NEW YORK – An international team has tapped into Austria's epidemiological system and generated new genome sequence data as part of a study aimed at understanding transmission events and viral mutation patterns during superspreading events in that country's initial wave of SARS-CoV-2 infections this spring.
For a paper published in Science Translational Medicine on Monday, researchers from Austria, the US, and Spain performed deep whole-genome sequencing on SARS-CoV-2 isolates from hundreds of individuals diagnosed with COVID-19 between late February and early May. They then combined that data with more than 7,700 other SARS-CoV-2 sequences from Europe, as well as with available epidemiological data, for a phylogenetic epidemiology analysis.
"Our results provide fully integrated genetic and epidemiological evidence for continental spread of SARS-CoV-2 from Austria and establish fundamental transmission properties in the human population," corresponding author Andreas Bergthaler, a researcher at the CeMM Research Center for Molecular Medicine of the Austrian Academy of Sciences, and his colleagues wrote.
The data highlighted superspreader events related to winter tourism destinations, the team reported, including a cluster of genetically similar viruses that infected individuals who visited the Ischgl ski resort in the Tyrolean Alps, as well as some individuals living in the region. SARS-CoV-2 isolates in that cluster shared a mutation profile that placed them into a clade known as 20C, which was also found in parts of France in late February and subsequently spread to Iceland, other parts of Europe, and beyond.
"Together, these observations and epidemiological evidence support the notion that the SARS-CoV-2 outbreak in Austria propagated to Iceland," the authors explained, adding that "[o]ne week after the occurrence of SARS-CoV-2 strains with this mutation profile in France and Ischgl, an increasing number of related strains based on the same mutation profile could be found across continents, for example in New York City."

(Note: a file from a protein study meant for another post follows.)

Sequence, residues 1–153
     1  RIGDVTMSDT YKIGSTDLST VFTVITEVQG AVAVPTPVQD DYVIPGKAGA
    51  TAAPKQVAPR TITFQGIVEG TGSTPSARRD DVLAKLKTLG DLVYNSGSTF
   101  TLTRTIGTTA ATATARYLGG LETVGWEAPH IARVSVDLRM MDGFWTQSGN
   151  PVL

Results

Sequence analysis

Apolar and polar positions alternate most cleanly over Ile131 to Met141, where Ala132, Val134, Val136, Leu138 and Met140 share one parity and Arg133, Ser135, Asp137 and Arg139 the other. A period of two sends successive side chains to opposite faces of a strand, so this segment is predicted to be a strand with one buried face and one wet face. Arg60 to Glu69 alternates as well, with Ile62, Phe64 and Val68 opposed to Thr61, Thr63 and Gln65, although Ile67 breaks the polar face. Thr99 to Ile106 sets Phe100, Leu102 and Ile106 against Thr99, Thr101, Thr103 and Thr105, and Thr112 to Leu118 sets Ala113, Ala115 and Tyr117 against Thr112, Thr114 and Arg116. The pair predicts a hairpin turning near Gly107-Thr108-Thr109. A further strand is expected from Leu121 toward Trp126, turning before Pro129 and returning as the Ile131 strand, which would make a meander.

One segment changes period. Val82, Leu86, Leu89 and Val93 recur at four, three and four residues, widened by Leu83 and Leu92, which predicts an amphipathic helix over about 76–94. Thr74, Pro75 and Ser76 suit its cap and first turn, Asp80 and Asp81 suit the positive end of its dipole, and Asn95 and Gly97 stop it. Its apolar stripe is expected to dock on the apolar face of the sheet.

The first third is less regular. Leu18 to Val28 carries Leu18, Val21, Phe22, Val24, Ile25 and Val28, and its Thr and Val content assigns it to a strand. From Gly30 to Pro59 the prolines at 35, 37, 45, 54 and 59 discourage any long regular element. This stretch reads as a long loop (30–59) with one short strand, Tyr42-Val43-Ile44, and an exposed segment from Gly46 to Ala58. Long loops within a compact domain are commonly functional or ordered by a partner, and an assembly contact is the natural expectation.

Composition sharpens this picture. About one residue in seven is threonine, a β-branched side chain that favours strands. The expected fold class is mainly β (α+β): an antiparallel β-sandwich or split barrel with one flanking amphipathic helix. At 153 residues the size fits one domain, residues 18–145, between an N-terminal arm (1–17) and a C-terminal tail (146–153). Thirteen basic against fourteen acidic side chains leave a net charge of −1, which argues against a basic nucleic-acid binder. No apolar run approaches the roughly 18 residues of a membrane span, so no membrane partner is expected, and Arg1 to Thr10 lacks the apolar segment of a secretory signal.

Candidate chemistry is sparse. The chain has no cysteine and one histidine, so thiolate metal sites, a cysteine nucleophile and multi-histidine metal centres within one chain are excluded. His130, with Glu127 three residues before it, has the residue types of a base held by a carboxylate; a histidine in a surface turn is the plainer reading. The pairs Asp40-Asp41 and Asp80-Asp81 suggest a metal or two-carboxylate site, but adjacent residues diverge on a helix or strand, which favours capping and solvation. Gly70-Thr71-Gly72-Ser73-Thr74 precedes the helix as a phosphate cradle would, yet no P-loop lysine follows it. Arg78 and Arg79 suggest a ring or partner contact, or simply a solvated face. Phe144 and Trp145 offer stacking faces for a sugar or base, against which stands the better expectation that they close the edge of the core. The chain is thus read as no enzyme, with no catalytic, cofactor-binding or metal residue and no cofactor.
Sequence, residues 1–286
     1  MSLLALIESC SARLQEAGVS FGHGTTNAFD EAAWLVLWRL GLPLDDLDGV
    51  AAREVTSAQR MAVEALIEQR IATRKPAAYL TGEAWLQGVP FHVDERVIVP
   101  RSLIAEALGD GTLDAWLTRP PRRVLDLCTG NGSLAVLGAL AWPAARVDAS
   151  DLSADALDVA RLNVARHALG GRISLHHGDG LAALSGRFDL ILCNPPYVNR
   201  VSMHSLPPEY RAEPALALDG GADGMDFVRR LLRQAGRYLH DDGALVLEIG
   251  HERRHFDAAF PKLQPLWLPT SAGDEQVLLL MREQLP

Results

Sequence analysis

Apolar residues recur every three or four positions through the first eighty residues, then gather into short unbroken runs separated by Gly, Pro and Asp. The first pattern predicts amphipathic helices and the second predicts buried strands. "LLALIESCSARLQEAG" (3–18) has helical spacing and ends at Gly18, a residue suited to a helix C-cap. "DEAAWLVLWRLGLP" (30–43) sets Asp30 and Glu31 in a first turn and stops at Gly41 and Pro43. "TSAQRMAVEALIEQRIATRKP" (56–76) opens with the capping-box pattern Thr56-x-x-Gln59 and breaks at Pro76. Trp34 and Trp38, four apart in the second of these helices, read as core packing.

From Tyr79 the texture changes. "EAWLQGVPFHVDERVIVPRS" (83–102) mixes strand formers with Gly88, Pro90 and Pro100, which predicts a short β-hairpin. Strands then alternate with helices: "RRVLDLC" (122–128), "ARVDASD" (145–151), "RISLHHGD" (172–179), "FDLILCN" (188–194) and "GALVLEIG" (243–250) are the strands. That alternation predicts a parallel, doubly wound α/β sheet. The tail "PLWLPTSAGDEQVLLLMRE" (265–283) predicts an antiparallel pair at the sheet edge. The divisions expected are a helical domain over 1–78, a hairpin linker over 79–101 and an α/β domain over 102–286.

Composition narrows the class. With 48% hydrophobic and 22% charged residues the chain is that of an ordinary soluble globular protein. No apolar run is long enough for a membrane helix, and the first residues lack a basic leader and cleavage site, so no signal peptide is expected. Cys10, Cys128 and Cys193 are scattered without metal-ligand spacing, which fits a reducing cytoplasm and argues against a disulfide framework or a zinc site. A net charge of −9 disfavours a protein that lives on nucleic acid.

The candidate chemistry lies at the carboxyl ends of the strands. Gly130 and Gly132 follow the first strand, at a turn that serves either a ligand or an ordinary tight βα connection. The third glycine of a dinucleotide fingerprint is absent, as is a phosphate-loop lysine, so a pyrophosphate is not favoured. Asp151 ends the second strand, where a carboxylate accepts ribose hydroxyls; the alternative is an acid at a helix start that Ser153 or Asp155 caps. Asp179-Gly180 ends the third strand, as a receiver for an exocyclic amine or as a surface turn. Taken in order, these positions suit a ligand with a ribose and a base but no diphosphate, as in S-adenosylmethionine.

The researchers also saw signs of another superspreader event in Vienna, where an individual infected by a family member who visited northern Italy is thought to have transmitted the virus to several others while participating in a sports activity indoors. At least one of those individuals, in turn, continued to pass on the virus — transmission patterns supported by the mutation profiles in the individual viruses.
"The transmission chain started with a returnee from Italy," co-first authors Alexandra Popa and Jakob-Wendelin Genger, both researchers at the CeMM Research Center, said in a statement. "Within 24 days, the SARS-CoV-2 virus spread in the greater Vienna region via public and social events in closed rooms."
Consequently, the study's authors suggested that both the Vienna cluster and the outbreak at the ski resort "originated from crowded indoor events (an Apre Ski bar and a sports class, respectively), which are now appreciated as high-risk situations for superspreading events."
Based on variant frequency patterns and related bottleneck analyses, the team estimated that around 1,000 infectious viral particles on average were passed from one individual to the next becoming infected. And with samples collected over time from 31 individuals with COVID-19, meanwhile, the investigators were able to follow new mutations in the SARS-CoV-2 isolates as the viruses evolved within each infected person, including five people with fatal infections.
"We observed diverse mutation patterns across individual patients and over time," the authors noted, explaining that "patient-specific dynamics of viral mutation frequencies may reflect the effect of host-intrinsic factors such as immune responses or the patients' overall health, and extrinsic factors such as different treatment protocols."